Mayo Clinic expert offers guidance on supplemental screening for women with dense breast tissue
Breast cancer is the second most common cause of cancer death in women. Although 1 in 8 women will be affected by breast cancer, early detection leads to improved survival.
"One challenge for some women is dense breast tissue," says author Suneela Vegunta, M.D., a women's health specialist at Mayo Clinic. Dr. Vegunta says there are millions of women in the U.S. with dense breast tissue. It's found in nearly half of women eligible for breast cancer screening, particularly in younger women. She says breast density may decrease after menopause.
Watch Dr. Vegunta discuss supplemental cancer screening for women with dense breasts:
"Dense breast tissue is an independent risk factor for breast cancer and may also mask small breast cancers, thereby reducing the sensitivity of a screening mammogram," says Dr. Vegunta.
She says that since legislation requiring providers to notify women about breast density was passed in several states, more women are aware of their breast density and are reaching out to health care professionals with questions.
"Supplemental breast cancer screening modalities can help diagnose additional cancers that are possibly masked by dense breast tissue on mammograms," says Dr. Vegunta. "Our paper provides information and guidance for health care professionals and patients on the benefits and drawbacks of various supplemental screening modalities in the background of using a risk-based stratification of patients with dense breast tissue."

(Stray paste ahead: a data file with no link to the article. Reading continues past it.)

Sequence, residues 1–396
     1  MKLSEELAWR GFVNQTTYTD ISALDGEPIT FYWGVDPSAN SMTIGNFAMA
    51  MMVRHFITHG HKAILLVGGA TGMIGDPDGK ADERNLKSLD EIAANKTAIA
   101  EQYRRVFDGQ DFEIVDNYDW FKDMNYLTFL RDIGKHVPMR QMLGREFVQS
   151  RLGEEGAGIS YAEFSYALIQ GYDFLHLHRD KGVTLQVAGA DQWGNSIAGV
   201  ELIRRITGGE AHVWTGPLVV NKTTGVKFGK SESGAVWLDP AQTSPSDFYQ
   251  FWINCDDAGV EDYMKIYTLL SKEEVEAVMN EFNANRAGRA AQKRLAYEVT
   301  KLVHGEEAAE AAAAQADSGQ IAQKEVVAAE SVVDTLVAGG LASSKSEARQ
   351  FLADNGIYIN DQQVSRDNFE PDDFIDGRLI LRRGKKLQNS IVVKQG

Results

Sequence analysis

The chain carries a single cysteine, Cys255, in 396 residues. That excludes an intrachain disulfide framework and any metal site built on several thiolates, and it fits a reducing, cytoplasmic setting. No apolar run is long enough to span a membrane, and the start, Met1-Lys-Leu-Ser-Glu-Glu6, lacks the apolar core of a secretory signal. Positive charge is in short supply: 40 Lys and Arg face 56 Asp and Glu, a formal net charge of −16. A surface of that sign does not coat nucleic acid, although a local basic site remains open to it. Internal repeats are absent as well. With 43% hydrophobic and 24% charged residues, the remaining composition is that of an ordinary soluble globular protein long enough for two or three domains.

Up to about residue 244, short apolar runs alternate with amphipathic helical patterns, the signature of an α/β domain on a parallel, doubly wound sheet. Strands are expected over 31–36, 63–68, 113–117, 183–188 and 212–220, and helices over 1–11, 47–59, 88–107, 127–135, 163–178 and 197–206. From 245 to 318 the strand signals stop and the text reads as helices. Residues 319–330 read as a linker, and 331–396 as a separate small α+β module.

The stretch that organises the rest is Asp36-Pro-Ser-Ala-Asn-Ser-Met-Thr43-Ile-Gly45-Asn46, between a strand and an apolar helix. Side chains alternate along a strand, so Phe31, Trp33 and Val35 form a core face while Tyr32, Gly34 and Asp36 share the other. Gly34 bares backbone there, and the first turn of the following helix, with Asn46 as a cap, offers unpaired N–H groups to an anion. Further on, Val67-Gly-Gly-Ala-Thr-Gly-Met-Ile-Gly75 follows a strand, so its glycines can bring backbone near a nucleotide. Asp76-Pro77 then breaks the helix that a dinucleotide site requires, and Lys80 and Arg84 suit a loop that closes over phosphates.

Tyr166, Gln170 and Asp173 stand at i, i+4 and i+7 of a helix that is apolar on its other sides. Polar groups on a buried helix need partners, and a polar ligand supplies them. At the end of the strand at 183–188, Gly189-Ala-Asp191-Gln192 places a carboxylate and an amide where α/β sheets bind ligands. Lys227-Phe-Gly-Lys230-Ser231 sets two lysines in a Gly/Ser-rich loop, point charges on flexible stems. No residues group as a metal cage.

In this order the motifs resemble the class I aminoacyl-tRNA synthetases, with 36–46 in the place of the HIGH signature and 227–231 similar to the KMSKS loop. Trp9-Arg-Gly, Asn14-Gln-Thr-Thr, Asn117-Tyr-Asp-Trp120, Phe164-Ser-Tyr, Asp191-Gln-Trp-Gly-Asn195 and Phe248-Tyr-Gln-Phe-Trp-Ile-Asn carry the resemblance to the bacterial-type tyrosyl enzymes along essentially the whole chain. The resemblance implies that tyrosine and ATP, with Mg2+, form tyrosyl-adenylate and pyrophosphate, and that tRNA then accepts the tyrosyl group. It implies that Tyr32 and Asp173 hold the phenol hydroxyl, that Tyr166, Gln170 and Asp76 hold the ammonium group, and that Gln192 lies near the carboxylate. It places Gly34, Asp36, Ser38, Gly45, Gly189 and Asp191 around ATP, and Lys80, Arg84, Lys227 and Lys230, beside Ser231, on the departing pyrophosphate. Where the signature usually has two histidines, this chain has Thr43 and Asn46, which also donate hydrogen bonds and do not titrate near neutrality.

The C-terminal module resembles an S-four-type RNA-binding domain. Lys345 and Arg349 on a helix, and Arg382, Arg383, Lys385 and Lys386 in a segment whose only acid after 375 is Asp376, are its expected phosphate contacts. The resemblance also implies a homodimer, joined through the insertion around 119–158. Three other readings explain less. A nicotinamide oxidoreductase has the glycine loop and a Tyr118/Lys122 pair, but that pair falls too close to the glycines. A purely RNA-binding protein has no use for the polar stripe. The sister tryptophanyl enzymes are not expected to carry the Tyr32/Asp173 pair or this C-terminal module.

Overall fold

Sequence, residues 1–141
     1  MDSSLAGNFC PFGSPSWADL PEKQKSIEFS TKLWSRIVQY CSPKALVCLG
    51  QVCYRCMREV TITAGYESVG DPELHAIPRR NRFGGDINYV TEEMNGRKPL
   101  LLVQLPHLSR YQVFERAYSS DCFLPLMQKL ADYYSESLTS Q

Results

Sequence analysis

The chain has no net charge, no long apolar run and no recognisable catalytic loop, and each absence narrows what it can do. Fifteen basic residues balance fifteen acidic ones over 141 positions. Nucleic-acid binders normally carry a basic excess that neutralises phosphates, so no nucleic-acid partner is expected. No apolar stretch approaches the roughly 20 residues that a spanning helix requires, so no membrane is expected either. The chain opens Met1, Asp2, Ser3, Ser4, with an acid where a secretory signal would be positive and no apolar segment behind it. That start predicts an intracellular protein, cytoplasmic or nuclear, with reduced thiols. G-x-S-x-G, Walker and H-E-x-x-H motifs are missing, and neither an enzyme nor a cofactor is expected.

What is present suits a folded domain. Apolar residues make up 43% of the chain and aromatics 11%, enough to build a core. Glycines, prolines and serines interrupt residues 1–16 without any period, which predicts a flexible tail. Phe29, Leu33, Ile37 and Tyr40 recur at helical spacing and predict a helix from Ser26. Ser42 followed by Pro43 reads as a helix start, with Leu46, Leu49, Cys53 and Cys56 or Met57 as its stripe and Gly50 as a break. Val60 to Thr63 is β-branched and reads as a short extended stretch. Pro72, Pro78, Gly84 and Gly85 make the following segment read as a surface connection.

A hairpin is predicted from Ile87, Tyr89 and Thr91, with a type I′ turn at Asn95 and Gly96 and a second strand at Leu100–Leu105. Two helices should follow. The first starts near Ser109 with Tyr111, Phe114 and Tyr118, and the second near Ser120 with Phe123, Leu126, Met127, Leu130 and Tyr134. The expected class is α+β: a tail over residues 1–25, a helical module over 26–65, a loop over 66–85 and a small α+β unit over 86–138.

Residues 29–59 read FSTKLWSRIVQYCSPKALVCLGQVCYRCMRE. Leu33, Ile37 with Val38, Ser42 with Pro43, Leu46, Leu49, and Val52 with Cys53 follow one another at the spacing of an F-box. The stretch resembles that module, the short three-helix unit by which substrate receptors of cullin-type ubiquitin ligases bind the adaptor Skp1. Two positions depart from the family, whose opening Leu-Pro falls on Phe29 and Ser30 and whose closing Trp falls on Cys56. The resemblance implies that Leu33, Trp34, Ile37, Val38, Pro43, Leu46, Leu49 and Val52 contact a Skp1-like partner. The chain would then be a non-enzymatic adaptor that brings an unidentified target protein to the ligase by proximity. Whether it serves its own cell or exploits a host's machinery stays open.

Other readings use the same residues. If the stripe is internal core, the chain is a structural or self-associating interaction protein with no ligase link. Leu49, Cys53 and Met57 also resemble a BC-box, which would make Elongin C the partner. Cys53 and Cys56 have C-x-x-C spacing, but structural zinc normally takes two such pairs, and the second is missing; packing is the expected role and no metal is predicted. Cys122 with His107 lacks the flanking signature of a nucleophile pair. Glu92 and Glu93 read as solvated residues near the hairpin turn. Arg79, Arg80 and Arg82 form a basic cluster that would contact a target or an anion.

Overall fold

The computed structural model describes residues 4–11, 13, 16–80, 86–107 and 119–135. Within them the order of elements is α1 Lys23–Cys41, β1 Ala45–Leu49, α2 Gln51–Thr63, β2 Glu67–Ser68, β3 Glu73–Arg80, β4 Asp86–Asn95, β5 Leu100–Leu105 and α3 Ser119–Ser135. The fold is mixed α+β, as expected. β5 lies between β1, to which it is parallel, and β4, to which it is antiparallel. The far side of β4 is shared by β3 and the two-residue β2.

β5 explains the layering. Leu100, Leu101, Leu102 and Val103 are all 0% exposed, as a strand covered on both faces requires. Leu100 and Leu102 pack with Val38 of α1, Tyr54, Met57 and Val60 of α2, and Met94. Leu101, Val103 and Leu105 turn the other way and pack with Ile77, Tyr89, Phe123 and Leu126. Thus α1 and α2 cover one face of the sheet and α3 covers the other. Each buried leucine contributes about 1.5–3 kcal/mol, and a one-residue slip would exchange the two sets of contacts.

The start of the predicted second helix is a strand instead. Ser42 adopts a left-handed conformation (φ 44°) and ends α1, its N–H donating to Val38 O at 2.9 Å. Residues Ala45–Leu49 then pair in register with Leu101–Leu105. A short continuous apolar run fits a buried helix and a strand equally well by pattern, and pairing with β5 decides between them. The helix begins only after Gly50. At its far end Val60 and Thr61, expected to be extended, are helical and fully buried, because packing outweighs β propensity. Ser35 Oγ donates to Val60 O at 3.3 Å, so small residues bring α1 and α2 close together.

Dr. Vegunta says that dense breast tissue is only one risk factor for breast cancer. If a patient has additional risk factors, such as family history of breast cancer, experienced early menstruation, has not given birth to a child, or has a prior history of abnormal breast biopsies, she should discuss enhanced surveillance with her health care provider.
Dr. Vegunta says consensus-based guidelines are not available related to screening women with dense breast tissue. Also, randomized controlled studies have not been performed that review the effect of supplemental screening versus mammography alone on breast cancer mortality. She says these studies, along with guidelines for screening women with dense breast tissue, are needed.
This article was originally published on the Mayo Clinic News Network.
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